A multitude of articles have been written about deciphering a restaurant menu, often from the combative stance that the restaurateur is trying to deceive or trick the unwitting diner into ordering the most expensive item or unload slow moving ingredients. The fundamental idea of a menu, however, is a combination of the esoteric and practical — a diner has to know what is being offered, after all, but a menu can also serve as a prompt for a savvy chef or restaurateur to be able to steer a diner in a specific direction or experience.

Sometimes, a bit of modesty can actually garner more attention for its sheer novelty. A seven year old Montreal restaurant went viral in January for its disarming frankness in its menu descriptions. “A lot of people want to be the best …and we are simply not the best. That’s a fact,” Aunt Dai restaurateur Feigang Fei, a former IT engineer, told The CBC. “We just try to be a little bit better every day. And that’s how I see it.”

The menu descriptions can veer from helpful tips, such as the instructions for Hot and sour soup (Suān Là Tāng) (“Spicy and tasty, no meat, drink slowly to avoid hiccups”) to setting expectations: “Singapore noodles (Xīng Zhōu Chǎo Fěn): It has curry flavour, don’t expect it to be SO tasty but it’s a safe choice and make you happy”. Others offer a peek behind the curtain as to the challenges of being a restaurateur and balancing out food and labour costs versus menu choice. “There are a lot of tasty Chinese dishes but to be honest, it’s a dilemma for restaurant owners to resist the desire to add all the good famous dishes,” reads the owner’s description explaining the similarity of a fried pork slices dish to General Tso chicken. “When you have a huge menu, you simply cannot keep up the quality. I have to fight off the idea of providing more choices, that’s the compromise I have to make in order to have the highest quality possible.”

In the description of a spareribs and bamboo shoots dish, Fei calls out the price of certain ingredients and their scarcity in the dish: “Also customers tell me there is very little dry bamboo shoots in this plate and I agree. But you never know how expensive those dry bamboo shoots are, I guess its presence is only for its flavor and naming purpose.” Other times, he mentions that ingredients were removed for convenience, such as the ground pork from the eggplant dish, so that the servers didn’t constantly have to remind customers that the dish contained meat.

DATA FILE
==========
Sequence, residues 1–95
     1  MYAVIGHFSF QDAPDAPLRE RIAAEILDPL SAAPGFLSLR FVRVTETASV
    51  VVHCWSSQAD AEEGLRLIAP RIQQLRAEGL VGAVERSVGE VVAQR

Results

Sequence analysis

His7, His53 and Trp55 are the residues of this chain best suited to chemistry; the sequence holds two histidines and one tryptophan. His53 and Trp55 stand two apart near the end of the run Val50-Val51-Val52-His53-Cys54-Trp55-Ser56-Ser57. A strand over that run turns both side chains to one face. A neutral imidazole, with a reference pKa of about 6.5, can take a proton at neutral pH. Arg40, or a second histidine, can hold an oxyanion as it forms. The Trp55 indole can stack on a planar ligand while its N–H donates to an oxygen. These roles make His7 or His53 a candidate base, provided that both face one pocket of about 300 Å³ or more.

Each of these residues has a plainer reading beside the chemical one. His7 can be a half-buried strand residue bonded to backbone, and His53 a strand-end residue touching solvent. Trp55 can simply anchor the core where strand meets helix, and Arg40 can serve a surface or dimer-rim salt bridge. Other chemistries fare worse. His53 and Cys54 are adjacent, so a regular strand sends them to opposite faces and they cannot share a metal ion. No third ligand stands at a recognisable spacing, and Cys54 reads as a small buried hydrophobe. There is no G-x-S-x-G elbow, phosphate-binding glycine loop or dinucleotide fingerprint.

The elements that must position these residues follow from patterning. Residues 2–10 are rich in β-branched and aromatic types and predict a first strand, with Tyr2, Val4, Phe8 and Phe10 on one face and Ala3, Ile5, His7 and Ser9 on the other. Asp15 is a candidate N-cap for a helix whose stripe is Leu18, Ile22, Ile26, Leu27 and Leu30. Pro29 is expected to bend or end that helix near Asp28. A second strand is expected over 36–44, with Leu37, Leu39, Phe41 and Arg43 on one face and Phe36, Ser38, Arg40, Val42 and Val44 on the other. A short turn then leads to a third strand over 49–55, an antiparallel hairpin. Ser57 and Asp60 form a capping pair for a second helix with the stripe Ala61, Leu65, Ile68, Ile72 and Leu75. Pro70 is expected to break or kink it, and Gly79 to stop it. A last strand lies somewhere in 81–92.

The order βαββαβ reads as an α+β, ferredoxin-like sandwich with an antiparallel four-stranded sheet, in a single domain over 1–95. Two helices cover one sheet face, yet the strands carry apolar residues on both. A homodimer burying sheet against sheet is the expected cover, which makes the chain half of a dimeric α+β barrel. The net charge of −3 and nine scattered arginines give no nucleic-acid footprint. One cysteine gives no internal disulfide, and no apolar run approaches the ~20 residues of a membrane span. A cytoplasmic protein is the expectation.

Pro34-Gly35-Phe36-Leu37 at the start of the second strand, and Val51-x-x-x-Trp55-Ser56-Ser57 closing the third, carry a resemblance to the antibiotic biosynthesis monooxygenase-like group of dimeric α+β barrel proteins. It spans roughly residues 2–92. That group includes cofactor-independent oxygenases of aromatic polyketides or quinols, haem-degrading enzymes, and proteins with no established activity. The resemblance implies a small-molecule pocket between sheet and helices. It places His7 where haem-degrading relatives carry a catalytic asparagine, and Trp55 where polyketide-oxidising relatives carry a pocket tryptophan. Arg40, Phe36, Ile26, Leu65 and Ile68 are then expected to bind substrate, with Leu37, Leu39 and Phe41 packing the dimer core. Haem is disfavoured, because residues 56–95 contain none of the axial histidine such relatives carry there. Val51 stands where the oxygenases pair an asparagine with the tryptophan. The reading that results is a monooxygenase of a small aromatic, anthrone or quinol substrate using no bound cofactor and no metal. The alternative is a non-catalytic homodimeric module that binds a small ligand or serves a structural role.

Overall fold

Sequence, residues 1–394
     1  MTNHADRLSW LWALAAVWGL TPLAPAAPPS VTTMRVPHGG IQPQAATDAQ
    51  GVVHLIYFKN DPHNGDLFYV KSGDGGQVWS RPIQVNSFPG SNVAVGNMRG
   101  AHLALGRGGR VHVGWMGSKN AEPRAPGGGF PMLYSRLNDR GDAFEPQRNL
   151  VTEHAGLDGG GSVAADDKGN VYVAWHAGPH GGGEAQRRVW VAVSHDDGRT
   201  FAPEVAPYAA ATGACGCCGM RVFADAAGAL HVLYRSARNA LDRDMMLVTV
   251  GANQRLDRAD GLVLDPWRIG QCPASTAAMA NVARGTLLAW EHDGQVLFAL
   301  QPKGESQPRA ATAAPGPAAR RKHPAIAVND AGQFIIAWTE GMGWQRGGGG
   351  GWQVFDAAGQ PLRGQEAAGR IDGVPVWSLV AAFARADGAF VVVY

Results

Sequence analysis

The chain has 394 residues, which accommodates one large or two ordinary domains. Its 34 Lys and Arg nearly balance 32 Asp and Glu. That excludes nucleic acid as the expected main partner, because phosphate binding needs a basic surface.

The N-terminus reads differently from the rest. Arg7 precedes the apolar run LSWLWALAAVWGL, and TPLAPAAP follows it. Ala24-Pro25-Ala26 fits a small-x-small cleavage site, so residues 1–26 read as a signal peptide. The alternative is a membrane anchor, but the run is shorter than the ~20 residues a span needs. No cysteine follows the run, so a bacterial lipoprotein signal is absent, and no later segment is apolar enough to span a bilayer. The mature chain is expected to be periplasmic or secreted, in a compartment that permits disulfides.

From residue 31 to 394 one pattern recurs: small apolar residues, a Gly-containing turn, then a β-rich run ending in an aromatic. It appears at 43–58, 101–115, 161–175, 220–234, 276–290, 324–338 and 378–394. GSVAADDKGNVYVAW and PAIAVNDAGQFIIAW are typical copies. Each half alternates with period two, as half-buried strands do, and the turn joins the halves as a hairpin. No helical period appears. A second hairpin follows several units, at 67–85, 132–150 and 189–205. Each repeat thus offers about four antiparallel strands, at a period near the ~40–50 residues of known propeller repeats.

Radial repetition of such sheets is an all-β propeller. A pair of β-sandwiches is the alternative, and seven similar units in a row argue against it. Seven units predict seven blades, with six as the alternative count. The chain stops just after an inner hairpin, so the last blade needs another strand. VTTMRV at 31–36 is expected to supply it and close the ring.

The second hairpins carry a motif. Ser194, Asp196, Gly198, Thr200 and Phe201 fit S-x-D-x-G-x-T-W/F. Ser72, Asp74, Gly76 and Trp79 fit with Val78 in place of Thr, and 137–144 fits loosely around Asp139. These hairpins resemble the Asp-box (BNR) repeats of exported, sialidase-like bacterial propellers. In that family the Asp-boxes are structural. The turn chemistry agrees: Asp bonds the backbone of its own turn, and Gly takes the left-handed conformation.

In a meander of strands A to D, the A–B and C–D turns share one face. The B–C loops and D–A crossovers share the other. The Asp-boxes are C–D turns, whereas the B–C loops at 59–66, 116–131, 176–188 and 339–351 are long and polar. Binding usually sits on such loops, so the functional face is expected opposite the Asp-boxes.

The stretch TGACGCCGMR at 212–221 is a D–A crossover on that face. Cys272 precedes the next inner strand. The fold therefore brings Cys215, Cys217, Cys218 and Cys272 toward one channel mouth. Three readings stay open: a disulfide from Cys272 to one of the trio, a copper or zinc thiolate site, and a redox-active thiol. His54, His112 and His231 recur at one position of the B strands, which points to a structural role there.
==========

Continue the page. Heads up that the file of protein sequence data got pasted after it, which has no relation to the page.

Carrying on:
Fei has written extensively and with great candor on his restaurant’s blog about some of these challenges, including an overly ambitious and ultimately ill-fated expansion in Anjou, the destruction of the original Cote-des-Neiges location due to a fire, and the mistakes made in following the initial rush of media exposure in the early days of the restaurant in 2015. “Right after that moment we had so many customers and I never saw that many customers for the first several days. I was too excited and I made a big mistake, being greedy,” he wrote, in a painful mea culpa that many new restaurateurs may recognize. “We seated all the customers but we could not handle the workload. A lot of customers were waiting for more than one hour and the food quality became less. Even when I hired new people, they were not trained and the kitchen was a total mess. I made a lot of customers mad.” 


In some ways, Fei’s menu strategy today is inoculating the restaurant’s dishes from Yelp complaints written by amateur critics unfamiliar with the cuisine through education, and in other cases, anticipating the perceived issue and addressing it head on. He tackles the idea of authenticity, a word often casually and erroneously misapplied to Chinese Canadian cuisine in a multitude of ways, directly in the description off a Black Pepper (Hēi Jiāo) beef dish. “Don’t let the name fool you, this one is NOT authentic Chinese food. True story, one customer got really mad because it’s not so Chinese since he visited Sichuan China before,” Fei writes with studied understatement. “Note: we removed “Sichuan” from the name when we updated the menu to avoid confusion. Still this dish is very tasty according to a lot of customers.”